Skip to main content Link Menu Expand (external link) Copy Copied

Camb-Hams DX Blog

We had a potentially serious incident at GS3PYE/P early this morning.

The station was very busy with Colin G4ERO on 20m and Mark M0MJH on 40m at around 3:30am. The rest of the team were asleep, getting ready for another busy day. Bob G1SAA was woken by the sound of strong winds outside and decided to take a look at the antennas. What he saw was pretty frightening.

The 40ft pump up mast, with the Spider Beam on it, was leaning over at almost 45 deg, being held up by a combination of the support legs and the guys, with the 80m dipole tangled in the spider beam. The mast is extremely heavy and definitely not the sort of thing you want to come crashing down.

Bob dashed indoors to shout for help … and to put some trousers on! Gavin M1BXF and Steve M1ACB heard the calls from their respective beds, quickly got dressed and joined the others outside in the wind and driving rain.

It looked like some air had leaked out of the mast, causing it to lower and allowing the guys to go slack. The wind pushed the mast over and it was putting enormous and growing pressure on the legs and guy ropes. There was very little time to think and act. Gavin and Bob took the guy ropes and put them under tension while Colin, Mark and Steve worked on the base of the mast to try to stabilise it and bring it down under control as quickly as possible. The 80m dipole had become entangled, so Mark had to attend to that before we could fully retract the mast. We did get the the mast down, probably only just in time. I’ve never seen a heavy mast like that as such at angle and really didn’t expect the result to be a good one.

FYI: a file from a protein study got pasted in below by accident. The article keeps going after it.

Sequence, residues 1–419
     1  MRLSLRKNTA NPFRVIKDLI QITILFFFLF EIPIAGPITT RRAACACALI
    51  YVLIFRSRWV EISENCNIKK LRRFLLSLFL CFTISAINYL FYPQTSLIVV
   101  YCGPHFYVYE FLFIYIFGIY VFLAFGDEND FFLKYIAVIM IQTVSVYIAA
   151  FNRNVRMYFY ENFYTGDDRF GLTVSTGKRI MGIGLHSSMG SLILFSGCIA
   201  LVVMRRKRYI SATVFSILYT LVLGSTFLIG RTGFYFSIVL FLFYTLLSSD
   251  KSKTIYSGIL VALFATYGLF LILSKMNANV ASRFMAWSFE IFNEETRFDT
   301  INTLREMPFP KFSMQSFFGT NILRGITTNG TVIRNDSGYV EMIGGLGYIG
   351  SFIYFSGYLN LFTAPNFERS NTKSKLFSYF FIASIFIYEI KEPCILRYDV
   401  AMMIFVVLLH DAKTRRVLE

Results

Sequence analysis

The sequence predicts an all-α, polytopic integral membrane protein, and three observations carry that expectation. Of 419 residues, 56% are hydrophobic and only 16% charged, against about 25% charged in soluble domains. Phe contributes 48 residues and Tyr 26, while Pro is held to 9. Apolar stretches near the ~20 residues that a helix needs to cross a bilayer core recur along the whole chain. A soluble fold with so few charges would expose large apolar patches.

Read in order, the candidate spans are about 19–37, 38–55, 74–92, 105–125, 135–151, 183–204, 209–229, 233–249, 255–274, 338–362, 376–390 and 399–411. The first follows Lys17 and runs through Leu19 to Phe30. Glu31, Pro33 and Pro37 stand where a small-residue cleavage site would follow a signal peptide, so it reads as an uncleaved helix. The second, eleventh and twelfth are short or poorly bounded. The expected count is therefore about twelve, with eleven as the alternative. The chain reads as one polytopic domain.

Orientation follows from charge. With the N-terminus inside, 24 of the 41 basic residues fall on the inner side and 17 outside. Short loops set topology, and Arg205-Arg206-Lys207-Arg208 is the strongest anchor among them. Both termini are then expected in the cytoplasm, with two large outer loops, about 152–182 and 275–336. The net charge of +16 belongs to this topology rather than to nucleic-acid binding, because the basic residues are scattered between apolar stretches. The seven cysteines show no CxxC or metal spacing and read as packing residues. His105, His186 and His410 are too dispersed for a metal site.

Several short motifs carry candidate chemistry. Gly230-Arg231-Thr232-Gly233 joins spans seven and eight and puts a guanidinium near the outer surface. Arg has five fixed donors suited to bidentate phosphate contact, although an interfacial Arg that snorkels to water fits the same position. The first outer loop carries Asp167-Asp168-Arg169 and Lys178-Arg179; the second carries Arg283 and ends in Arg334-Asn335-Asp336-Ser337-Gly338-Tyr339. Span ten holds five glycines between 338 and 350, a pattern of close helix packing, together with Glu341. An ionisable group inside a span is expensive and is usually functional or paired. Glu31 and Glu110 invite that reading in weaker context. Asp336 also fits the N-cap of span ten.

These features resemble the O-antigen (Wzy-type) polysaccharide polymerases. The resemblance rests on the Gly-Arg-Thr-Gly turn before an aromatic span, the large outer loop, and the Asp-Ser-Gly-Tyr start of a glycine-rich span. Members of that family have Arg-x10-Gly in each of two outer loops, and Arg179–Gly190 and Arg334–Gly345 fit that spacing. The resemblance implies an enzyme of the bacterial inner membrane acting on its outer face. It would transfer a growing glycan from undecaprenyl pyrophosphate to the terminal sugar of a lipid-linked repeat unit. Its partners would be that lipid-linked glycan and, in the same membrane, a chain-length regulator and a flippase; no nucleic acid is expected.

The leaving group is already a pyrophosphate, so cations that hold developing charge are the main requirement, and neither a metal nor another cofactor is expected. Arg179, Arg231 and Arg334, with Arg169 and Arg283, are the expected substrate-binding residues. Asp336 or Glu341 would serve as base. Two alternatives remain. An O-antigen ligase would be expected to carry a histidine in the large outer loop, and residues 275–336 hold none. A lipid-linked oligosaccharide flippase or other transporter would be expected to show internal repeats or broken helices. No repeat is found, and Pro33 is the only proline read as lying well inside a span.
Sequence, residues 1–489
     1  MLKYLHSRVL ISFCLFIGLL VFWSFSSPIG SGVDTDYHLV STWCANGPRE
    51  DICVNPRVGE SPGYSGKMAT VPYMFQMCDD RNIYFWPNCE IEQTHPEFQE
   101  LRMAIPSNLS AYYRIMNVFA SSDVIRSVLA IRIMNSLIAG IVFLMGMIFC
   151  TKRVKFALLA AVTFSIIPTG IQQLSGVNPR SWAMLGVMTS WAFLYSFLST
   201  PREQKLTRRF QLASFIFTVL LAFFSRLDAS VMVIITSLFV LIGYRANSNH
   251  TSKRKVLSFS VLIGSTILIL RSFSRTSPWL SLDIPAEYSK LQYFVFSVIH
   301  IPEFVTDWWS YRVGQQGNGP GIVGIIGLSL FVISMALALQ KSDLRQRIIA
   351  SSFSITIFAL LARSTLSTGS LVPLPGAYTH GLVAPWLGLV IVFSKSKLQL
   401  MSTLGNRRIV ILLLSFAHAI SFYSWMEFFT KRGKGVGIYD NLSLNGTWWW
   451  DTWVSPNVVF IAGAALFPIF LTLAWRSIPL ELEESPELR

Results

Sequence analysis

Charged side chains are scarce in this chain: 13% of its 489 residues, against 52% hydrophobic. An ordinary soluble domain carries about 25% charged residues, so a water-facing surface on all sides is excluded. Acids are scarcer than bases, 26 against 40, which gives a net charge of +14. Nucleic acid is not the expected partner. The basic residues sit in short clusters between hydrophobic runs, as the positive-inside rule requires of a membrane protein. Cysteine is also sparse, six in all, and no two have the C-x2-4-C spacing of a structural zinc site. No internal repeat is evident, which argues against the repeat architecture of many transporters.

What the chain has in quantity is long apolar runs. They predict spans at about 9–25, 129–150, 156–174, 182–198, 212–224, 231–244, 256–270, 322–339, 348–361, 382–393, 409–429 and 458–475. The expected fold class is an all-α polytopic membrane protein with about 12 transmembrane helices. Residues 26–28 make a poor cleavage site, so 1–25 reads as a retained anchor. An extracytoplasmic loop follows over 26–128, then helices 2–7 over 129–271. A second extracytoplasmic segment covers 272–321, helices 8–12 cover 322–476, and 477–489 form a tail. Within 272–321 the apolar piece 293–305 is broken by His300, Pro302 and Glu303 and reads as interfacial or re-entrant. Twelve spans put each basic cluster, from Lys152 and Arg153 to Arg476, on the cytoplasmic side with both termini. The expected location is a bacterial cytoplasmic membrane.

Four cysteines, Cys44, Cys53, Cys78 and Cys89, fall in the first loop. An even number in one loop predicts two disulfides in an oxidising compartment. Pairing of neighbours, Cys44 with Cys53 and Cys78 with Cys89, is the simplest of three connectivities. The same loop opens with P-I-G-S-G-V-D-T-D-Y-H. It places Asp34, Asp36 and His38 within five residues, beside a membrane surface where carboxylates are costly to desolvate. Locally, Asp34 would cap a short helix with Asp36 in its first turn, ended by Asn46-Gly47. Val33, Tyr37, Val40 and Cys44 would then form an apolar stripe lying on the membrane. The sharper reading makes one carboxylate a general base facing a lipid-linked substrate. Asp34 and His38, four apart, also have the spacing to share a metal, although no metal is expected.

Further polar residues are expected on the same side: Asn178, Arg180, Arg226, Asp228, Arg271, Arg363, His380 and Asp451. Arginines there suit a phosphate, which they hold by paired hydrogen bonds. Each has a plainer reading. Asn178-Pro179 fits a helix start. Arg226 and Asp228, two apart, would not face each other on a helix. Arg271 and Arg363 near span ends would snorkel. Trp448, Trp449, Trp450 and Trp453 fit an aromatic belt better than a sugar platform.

We then turned our attention to the 6m and 4m beams on the crank-up trailer mast at the front of the house. This was waving around very dangerously. Gavin rotated the beams parallel to the house and we brought the mast down very quickly to avoid damage to the house and the antennas. We also dropped the 20m vertical which was in danger of breaking, but the 40m and 80m verticals were more heavily guyed and it was safer to leave them up rather than risk damage and injury trying to take them down. Everything was tied and guyed and we retired inside to dry off, warm up and grab a coffee.

Never being ones to miss an opportunity, Mark M0MJH and Steve M1ACB jumped onto 40m and 80m respectively and took the group through 6000 QSO’s at around 4:30am. 80m was so good that I stayed up for a couple of hours and worked some DX from the vertical.

When we checked for damage this morning, the Spider Beam did suffer some damage during the rapid decent, but that’s been fixed now and we’re back at full strength on all of the bands.

It was all very exciting and makes a good story, but we were lucky that everyone moved so quickly to bring the situation under control.


The 6m (top) and 4m beams got knocked about a bit and are now out of alignment but nothing damaged…